The Reasons for Seasons by Gail GibbonsCold winters, hot summers--year after year the seasons repeat themselves. But what causes them?
Why is there winter in the Southern Hemisphere at the same time there is summer in the Northern Hemisphere? In summertime, why is it still light out in the evening? With simple language appropriate for young readers, non-fiction master Gail Gibbons introduces young readers to the four seasons and explains why they change throughout the year.
Clear, simple diagrams of the earths orbit are labeled with important vocabulary, explained and reinforced with accessible explanations. The Reasons for Seasons introduces the solstices, the equinoxes, and the tilt in Earths axis that causes them, and gives examples of what each season is like across the globe from pole to pole.
Fascinating and easy to understand, this is a perfect introduction to seasons, earths orbit, and axial tilt. Different effects on different parts of the world are included, illustrating the difference in climate between the equator, the northern and southern hemispheres, and the polar regions.
What are seasons?
You probably have a favorite season. Have you ever wondered what causes the seasons, though? You probably know that the Earth spins on its axis every day, making a complete turn. In addition to this daily turning, the Earth also travels around the Sun once every year. As the Earth travels, its position in relation to the Sun changes. Sometimes, the Earth is tilting towards the Sun, which causes summer. When the Earth is tilted away from the Sun, winter comes.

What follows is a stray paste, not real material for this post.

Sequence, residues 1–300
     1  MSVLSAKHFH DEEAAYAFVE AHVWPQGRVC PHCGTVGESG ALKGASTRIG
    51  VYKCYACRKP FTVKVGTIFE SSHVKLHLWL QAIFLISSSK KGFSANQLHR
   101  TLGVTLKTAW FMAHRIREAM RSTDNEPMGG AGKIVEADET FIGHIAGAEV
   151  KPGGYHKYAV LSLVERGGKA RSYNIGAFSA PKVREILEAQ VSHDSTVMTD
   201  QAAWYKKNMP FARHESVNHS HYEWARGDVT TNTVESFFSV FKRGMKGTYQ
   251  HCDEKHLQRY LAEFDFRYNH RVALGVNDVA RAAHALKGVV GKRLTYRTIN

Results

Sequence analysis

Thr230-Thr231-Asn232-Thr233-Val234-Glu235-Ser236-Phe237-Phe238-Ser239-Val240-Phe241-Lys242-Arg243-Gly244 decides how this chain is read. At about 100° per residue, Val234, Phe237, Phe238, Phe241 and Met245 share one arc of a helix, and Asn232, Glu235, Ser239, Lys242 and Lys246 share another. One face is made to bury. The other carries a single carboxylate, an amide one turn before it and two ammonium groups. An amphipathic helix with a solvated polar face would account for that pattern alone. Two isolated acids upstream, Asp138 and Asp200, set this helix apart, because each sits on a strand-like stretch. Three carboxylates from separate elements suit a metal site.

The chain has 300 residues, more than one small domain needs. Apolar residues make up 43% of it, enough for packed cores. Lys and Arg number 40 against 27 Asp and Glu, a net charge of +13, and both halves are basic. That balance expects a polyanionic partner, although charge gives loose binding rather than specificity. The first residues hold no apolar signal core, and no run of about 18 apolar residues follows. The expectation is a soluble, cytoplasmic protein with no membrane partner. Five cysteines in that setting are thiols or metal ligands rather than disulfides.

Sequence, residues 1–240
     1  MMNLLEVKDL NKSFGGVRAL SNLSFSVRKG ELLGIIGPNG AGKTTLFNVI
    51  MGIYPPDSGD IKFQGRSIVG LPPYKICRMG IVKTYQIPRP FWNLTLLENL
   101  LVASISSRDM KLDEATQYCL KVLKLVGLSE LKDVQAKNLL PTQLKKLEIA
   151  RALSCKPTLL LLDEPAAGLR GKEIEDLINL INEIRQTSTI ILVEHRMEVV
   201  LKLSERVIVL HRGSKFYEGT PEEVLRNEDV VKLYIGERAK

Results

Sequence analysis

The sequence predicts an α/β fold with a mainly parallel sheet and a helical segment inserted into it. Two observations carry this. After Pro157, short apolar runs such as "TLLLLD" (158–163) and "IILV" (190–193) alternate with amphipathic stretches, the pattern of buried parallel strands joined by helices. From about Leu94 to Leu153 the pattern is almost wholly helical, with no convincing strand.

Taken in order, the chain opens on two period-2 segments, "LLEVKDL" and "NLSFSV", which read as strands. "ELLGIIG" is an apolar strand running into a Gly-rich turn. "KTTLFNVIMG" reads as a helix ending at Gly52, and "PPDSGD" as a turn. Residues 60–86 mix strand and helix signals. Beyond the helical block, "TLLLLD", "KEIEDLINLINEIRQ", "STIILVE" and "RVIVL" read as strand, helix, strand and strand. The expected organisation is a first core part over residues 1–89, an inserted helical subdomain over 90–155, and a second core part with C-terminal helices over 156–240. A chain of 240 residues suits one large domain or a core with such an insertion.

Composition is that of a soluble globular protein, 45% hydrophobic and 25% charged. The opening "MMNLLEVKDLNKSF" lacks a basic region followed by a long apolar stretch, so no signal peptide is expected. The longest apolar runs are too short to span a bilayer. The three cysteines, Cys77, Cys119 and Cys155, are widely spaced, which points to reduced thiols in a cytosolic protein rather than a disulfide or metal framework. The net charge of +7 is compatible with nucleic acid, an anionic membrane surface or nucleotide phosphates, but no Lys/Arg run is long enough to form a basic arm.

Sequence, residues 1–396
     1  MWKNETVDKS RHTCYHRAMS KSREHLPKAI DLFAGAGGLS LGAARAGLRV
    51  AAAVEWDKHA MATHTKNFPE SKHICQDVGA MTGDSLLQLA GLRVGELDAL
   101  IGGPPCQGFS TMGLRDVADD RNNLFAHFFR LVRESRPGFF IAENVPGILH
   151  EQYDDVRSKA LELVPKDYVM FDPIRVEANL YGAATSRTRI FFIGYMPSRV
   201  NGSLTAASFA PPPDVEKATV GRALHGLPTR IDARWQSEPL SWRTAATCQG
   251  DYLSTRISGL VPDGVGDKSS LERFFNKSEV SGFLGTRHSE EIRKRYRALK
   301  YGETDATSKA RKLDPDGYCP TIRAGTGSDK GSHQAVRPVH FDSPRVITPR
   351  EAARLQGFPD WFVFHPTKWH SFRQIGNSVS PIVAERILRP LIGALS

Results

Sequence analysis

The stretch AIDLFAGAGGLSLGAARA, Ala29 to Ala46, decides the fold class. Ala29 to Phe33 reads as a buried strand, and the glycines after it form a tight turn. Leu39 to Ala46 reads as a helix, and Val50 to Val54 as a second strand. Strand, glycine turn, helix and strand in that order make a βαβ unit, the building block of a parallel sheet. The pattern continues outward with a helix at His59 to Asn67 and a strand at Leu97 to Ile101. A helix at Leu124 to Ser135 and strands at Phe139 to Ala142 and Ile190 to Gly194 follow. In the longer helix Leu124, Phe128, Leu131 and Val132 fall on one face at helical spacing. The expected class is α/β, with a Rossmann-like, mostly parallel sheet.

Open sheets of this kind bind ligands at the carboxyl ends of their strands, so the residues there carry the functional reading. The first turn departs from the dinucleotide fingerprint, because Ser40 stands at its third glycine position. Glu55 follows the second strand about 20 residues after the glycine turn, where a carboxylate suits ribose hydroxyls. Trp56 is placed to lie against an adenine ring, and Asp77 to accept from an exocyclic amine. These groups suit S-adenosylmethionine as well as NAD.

We've recently added
Many people believe that Earth is closest to the Sun in summer and farthest in winter It is slightly elongated, so that during part of the year, Earth is closer to the Sun than at other times. However, in the Northern Hemisphere, we are having winter when Earth is closest to the Sun and summer when it is farthest away! Earth has seasons because sometime early in its long history, something very big hit the young Earth to knock it off-kilter. So instead of rotating with its axis perpendicular to its orbital plane, it is tilted